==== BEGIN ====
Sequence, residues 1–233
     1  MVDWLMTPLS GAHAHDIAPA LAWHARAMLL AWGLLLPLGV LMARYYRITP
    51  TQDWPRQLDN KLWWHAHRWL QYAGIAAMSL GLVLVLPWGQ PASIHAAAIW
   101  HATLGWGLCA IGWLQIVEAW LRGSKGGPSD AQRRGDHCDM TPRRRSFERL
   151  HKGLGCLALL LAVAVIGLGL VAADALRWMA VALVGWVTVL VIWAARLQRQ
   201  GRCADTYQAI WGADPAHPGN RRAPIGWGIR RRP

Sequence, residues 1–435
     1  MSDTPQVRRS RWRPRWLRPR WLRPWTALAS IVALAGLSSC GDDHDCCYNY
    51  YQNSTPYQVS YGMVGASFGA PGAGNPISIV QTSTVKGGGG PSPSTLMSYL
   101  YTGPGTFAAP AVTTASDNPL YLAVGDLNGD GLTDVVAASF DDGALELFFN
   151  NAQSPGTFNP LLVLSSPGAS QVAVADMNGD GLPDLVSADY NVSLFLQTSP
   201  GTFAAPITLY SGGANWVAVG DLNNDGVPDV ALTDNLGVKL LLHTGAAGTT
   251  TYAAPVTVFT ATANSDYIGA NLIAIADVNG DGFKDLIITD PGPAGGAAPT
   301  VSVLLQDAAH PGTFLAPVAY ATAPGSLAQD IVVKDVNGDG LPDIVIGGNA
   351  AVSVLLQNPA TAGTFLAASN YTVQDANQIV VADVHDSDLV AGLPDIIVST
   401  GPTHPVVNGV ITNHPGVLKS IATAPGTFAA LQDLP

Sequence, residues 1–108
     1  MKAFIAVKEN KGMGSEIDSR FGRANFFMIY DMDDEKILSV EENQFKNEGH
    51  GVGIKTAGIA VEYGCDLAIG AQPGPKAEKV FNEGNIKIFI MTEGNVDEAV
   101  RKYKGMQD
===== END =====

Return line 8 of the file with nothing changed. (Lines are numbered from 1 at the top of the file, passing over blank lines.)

     1  MSDTPQVRRS RWRPRWLRPR WLRPWTALAS IVALAGLSSC GDDHDCCYNY